This study explores the factors behind the improvements in Sex Ratio at Birth (SRB) in Georgia over the last 15 years. It combines quantitative and qualitative analysis. Focus groups, in-depth interviews, and econometric analysis have highlighted the following determinants of SRB improvements: improved economic conditions, reduced poverty, increasing the economic share of the service sector (creating new job opportunities for women in banking, retail trade, and other
office-related jobs), higher female employment (outside the agricultural sector), increased male educational attainment, and changes in socio-cultural and gender value systems. There is, however, insufficient evidence to suggest social policy
measures have had a significant impact in reducing Gender Biased Sex Selection (GBSS).
Georgia experienced a significant rise in SRB after its independence from the Soviet Union. It is among twelve countries worldwide, where strong statistical evidence of sex imbalances at birth is observed. The other countries being Albania,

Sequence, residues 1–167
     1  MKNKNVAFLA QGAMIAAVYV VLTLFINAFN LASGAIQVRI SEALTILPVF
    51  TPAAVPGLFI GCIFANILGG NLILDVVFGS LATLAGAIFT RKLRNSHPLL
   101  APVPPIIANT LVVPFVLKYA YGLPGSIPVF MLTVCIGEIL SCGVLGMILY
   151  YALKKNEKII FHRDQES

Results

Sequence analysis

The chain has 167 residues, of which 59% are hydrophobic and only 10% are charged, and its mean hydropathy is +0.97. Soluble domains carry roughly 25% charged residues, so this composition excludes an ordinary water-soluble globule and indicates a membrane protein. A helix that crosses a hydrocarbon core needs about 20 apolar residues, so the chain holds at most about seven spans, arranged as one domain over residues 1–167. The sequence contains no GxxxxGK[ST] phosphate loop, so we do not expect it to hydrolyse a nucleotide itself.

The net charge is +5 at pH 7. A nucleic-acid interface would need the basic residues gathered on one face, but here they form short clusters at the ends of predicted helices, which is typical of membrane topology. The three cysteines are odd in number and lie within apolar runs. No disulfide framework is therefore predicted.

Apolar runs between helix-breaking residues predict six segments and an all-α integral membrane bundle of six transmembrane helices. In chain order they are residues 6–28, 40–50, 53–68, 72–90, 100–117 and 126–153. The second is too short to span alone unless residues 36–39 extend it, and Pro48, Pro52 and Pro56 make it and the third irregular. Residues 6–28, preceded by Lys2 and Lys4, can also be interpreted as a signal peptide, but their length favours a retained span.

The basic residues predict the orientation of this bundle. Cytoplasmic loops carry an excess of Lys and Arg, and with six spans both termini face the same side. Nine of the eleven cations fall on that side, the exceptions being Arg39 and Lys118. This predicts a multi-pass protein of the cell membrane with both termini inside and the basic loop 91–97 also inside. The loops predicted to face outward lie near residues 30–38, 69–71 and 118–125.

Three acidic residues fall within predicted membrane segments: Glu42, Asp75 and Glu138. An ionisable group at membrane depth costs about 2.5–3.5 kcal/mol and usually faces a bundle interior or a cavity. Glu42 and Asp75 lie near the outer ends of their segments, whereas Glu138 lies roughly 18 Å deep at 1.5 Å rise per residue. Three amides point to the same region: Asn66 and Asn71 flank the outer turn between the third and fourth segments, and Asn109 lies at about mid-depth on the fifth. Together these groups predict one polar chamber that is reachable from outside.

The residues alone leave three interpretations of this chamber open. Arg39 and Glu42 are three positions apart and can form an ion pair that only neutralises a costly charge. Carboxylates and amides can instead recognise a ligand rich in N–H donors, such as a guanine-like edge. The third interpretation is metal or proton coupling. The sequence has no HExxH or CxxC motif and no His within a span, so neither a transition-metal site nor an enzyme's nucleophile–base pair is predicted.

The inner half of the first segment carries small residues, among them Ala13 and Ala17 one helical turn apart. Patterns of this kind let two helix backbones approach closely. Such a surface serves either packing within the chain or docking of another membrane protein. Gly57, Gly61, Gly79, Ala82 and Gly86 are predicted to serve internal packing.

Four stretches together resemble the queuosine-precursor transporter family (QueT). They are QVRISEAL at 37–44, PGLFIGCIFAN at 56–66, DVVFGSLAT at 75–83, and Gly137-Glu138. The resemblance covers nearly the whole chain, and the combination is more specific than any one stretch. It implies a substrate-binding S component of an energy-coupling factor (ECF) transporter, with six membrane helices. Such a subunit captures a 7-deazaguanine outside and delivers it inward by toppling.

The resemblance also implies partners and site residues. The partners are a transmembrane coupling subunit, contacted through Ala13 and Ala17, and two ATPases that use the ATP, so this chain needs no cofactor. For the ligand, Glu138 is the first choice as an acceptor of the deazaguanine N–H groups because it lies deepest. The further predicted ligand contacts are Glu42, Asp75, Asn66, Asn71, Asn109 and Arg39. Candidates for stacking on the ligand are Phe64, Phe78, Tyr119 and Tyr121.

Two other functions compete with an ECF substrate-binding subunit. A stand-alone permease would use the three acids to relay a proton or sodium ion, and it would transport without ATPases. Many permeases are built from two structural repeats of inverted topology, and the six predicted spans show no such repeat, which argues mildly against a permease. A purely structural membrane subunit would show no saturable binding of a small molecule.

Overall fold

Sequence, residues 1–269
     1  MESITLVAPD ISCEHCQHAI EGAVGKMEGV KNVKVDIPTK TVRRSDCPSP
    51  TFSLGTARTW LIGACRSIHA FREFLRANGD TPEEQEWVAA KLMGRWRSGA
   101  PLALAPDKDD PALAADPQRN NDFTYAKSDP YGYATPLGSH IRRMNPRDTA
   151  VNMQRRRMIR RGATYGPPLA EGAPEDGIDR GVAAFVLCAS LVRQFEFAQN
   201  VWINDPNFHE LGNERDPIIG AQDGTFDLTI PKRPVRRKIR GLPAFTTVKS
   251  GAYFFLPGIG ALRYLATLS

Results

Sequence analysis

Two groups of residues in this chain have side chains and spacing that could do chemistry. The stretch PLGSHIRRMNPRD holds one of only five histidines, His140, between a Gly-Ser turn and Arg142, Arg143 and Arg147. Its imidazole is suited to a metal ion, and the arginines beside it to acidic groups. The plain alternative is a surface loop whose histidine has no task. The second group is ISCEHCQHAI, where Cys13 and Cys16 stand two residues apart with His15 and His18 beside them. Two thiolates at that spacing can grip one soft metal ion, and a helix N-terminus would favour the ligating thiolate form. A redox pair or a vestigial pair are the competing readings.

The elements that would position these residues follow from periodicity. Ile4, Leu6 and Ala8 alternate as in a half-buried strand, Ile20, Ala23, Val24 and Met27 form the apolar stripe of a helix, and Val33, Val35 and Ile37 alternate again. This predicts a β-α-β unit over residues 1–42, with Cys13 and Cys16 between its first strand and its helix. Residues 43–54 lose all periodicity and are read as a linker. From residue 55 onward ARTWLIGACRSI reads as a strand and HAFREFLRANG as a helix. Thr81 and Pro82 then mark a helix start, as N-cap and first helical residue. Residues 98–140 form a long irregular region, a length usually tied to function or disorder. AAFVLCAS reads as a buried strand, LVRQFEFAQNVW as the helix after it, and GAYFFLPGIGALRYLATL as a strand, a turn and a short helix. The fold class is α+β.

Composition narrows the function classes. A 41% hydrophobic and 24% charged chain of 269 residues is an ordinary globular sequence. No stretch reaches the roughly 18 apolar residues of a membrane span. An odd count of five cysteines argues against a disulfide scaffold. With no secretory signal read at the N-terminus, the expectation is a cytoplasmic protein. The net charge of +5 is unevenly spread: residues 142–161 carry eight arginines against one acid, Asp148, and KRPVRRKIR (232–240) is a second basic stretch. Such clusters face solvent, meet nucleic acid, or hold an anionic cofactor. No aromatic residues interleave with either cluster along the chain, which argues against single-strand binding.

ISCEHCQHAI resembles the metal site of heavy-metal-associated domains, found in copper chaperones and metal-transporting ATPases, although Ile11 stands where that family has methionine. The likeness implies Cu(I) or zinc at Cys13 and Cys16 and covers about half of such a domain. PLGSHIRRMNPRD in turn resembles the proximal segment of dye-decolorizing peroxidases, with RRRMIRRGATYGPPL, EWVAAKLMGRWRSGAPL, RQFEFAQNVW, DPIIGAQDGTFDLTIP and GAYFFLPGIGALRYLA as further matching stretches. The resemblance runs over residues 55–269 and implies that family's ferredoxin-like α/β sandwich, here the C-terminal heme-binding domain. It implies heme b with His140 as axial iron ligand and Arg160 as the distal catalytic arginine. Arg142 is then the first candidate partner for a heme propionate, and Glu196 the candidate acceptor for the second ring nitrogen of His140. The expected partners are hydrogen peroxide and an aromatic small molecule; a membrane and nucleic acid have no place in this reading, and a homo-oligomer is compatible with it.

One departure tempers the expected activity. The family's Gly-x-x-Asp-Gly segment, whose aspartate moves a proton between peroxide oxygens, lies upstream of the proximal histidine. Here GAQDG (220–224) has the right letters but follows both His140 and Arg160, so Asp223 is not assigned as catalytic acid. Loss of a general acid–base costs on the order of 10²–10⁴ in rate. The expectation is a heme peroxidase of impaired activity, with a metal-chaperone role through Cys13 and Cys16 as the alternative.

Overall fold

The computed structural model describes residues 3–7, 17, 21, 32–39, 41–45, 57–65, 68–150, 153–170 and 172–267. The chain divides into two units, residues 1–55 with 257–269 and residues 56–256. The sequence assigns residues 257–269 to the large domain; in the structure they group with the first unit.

Armenia, Azerbaijan, China, Hong Kong (SAR of China), India, the Republic of Korea, Montenegro, Taiwan (Province of China), Tunisia, and Vietnam.
It is generally accepted that the biological norm for sex ratio is around 105 male births per 100 female births (UNFPA, 2015). Since 1992, deteriorating economic conditions, coupled with a strong son preference, low total fertility rates, and access to affordable reproductive technologies have contributed to the increasing trend, one that lasted for almost 15 years, of an SRB imbalance in Georgia (via sex-selective abortions). Since 2004, SRB has been experiencing a reverse trend, reaching a normal level in 2016 (see Figure 1). The aim of this study is to investigate the various factors behind such a change.